9. LoneStar

    LoneStar WhoopDeDoofus

    Joined:
    Dec 8, 2006
    Oddometer:
    1,847
    Location:
    Texas, Zip Code EIEIO
    Well I obviously missed something while working on the bike outside. From the little I can see, I guess I pissed someone off who feels they fit the category. I was speaking of the fools who run to Starbucks and pose in their gear and then post how great it is on Advrider when they want to impress everyone rather than really testing it.

    My bike cost a whopping $11,000 and half of that was paid for by the sale of my R1100GS while I saved money and sold possessions to buy it and make the trip happen. I spent 85% of my 8 month North American trip camping, filtering water, eating tuna and staying in Couchsurfing homes. I guess that qualifies as being a rich asshat who knows nothing about the "poor and needy". I rode my 1100 for nearly ten years because I couldn't afford a new bike. Then spent over a year trying to find a 1200 that was a deal.

    Sorry to have hurt someone's feelings but I don't fit the rich category. In fact I have no home or possessions because I had to sell them to be able to live this dream. It's exactly because I've had to pay out the ass for ridiculously expensive crap, that I cannot afford, that doesn't work and isn't what it is supposed to be, that really pisses me off.

    Anyway, back to life on the road

    And thanks for responses from you guys - I missed the party it looks like and I'd hope if you read my report you can tell the type of person I am. Poorly worded or written when tired, but I'm under financial pressure as well as time and just get tired of shit failing when you pay out the ass for it.

    Thanks for the suggestion. Ward was telling me Lima was known for it's great food but haven't experienced it yet. May splurge the last night!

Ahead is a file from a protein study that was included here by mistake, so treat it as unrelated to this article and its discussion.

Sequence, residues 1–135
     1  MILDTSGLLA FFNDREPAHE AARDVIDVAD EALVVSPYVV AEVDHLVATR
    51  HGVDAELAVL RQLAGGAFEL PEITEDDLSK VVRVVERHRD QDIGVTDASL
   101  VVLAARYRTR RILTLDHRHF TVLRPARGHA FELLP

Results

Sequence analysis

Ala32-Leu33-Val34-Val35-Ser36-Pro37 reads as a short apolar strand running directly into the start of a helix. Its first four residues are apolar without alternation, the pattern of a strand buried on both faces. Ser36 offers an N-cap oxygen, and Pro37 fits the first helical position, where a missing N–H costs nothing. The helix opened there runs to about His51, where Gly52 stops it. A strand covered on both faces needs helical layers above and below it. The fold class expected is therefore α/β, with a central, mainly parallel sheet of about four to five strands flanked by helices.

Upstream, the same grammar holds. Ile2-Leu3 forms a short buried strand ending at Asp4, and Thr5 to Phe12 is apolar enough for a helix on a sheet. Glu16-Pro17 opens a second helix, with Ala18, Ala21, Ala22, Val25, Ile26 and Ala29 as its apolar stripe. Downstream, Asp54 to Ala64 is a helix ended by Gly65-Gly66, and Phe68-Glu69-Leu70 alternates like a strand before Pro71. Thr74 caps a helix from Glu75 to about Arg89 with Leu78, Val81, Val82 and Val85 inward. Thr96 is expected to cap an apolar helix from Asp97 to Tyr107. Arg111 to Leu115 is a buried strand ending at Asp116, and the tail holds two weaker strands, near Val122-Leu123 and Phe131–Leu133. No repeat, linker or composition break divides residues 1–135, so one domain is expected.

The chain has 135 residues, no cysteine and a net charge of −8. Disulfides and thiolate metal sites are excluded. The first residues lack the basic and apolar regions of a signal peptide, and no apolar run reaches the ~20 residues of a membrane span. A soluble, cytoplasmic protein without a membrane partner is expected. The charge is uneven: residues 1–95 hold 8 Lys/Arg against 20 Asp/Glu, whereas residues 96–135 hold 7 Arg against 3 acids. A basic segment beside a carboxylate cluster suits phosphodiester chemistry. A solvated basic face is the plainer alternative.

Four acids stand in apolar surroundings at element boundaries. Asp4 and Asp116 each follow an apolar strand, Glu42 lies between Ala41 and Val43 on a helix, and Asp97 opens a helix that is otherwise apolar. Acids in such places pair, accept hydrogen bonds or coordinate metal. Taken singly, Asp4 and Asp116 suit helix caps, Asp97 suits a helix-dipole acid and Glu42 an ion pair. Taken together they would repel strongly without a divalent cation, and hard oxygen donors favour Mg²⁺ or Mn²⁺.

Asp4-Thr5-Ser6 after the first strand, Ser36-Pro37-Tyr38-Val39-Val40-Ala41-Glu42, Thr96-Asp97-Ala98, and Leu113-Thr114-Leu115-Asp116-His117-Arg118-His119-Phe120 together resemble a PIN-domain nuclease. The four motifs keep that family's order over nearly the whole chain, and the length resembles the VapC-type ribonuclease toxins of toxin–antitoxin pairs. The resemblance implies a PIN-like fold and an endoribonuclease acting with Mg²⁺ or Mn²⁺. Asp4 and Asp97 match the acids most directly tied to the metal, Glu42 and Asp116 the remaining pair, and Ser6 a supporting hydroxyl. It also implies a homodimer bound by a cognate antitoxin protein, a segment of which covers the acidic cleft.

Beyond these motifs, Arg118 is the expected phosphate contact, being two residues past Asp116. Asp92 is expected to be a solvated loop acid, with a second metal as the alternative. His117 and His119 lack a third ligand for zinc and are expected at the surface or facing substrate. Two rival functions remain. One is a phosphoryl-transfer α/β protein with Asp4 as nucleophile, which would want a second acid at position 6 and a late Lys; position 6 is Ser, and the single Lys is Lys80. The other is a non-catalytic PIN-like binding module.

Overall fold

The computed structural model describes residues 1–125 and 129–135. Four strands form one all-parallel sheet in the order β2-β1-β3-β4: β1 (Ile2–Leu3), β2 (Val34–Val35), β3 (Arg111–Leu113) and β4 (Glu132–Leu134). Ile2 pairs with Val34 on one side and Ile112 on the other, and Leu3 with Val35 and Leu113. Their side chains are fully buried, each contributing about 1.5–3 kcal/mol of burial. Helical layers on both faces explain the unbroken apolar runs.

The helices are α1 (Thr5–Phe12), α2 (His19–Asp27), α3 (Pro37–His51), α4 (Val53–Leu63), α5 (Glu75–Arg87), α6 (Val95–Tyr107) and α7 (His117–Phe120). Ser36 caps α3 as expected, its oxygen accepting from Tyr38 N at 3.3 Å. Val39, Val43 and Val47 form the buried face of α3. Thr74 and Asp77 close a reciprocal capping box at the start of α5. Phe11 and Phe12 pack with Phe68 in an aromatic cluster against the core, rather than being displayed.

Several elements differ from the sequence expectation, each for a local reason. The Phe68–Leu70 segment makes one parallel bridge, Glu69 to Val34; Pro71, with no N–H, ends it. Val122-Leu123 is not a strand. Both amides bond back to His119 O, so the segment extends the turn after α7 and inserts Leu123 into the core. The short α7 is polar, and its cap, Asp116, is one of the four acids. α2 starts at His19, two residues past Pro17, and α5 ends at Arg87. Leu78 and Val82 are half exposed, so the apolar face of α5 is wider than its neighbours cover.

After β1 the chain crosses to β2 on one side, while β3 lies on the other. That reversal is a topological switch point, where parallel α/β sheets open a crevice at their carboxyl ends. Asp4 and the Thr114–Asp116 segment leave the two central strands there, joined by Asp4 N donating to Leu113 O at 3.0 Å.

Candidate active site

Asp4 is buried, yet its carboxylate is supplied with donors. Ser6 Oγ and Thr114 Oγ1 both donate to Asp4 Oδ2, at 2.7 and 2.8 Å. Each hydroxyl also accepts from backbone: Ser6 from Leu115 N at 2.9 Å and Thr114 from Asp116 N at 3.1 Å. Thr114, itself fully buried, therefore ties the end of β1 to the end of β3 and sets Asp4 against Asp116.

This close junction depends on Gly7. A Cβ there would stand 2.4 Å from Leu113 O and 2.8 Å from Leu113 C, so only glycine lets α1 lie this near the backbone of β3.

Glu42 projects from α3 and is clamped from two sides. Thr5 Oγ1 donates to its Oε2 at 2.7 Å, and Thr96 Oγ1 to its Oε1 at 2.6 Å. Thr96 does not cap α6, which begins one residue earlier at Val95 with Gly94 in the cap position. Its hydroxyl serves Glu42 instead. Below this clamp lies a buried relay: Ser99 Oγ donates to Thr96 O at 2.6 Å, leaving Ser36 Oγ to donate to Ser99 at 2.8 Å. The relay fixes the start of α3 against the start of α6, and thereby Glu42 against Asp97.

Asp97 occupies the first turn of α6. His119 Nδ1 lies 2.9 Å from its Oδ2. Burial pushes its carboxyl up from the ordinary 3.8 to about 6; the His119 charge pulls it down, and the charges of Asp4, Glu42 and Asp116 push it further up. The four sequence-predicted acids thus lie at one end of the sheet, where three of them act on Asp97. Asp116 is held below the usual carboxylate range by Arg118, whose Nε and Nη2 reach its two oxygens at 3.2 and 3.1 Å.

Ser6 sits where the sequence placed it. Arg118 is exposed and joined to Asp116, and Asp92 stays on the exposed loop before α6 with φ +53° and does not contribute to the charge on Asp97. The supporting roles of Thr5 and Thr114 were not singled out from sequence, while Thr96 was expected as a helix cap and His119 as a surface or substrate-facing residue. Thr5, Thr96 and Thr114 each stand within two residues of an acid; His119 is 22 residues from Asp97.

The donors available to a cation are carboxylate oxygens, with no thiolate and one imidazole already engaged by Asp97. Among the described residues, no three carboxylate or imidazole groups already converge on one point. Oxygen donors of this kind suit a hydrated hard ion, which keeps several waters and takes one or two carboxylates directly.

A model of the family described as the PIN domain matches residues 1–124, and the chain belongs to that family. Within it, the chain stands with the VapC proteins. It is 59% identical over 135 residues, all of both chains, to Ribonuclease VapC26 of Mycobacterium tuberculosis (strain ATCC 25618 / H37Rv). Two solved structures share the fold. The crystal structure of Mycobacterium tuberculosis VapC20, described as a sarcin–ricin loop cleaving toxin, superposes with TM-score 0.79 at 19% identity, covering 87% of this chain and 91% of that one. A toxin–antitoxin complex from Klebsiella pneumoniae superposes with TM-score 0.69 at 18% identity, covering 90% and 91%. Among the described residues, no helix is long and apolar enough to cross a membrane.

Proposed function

10. MrKiwi

    MrKiwi Love my Tranny

    Joined:
    Jul 22, 2010
    Oddometer:
    5,664
    Location:
    New Zealand
    @LoneStar - I didn't want to reply to him, I find if a troll is ignored then they go away. For those of us following your threads we know exactly what sacrifices you have made in order to do the trips you are.

    Back to your RR. A question if I may? You chose to install Touratech rear suspension. Why did you choose that over say Ohlins? The two brands cost about the same. I looked at Touratech when outfitting my AT, but I just just couldn't bring myself to take a risk with their product.
    Davidprej, Grynch and Sunday Rider like this.
  11. ONandOFF

    ONandOFF more off than on

    Joined:
    Aug 8, 2009
    Oddometer:
    16,062
    Location:
    The Shenandoah valley of Virginia
    I'd like to expound on that question, and ask further (though it may be obvious to those in the know) - why an aftermarket suspension at all?
  12. LoneStar

    LoneStar WhoopDeDoofus

    Joined:
    Dec 8, 2006
    Oddometer:
    1,847
    Location:
    Texas, Zip Code EIEIO
    Hey Kiwi - I was planning on running Ohlins but MotoHank had done some testing for Touratech on their new shocks when they first came out. He was impressed with them and the larger shaft diameter as well. His take on Ohlins, of whom he was/is a dealer and sold plenty of, is that they were initially a road racing suspension and not built with adv style bikes in mind. He felt the TT shocks were superior for adv and says he has to have way more Ohlins rebuilt than TT. It was primarily based on his recommendation as he really knows his stuff. My Ohlins on the 1100 lasted well but just looking at them side by side the TT's beefier in build quality.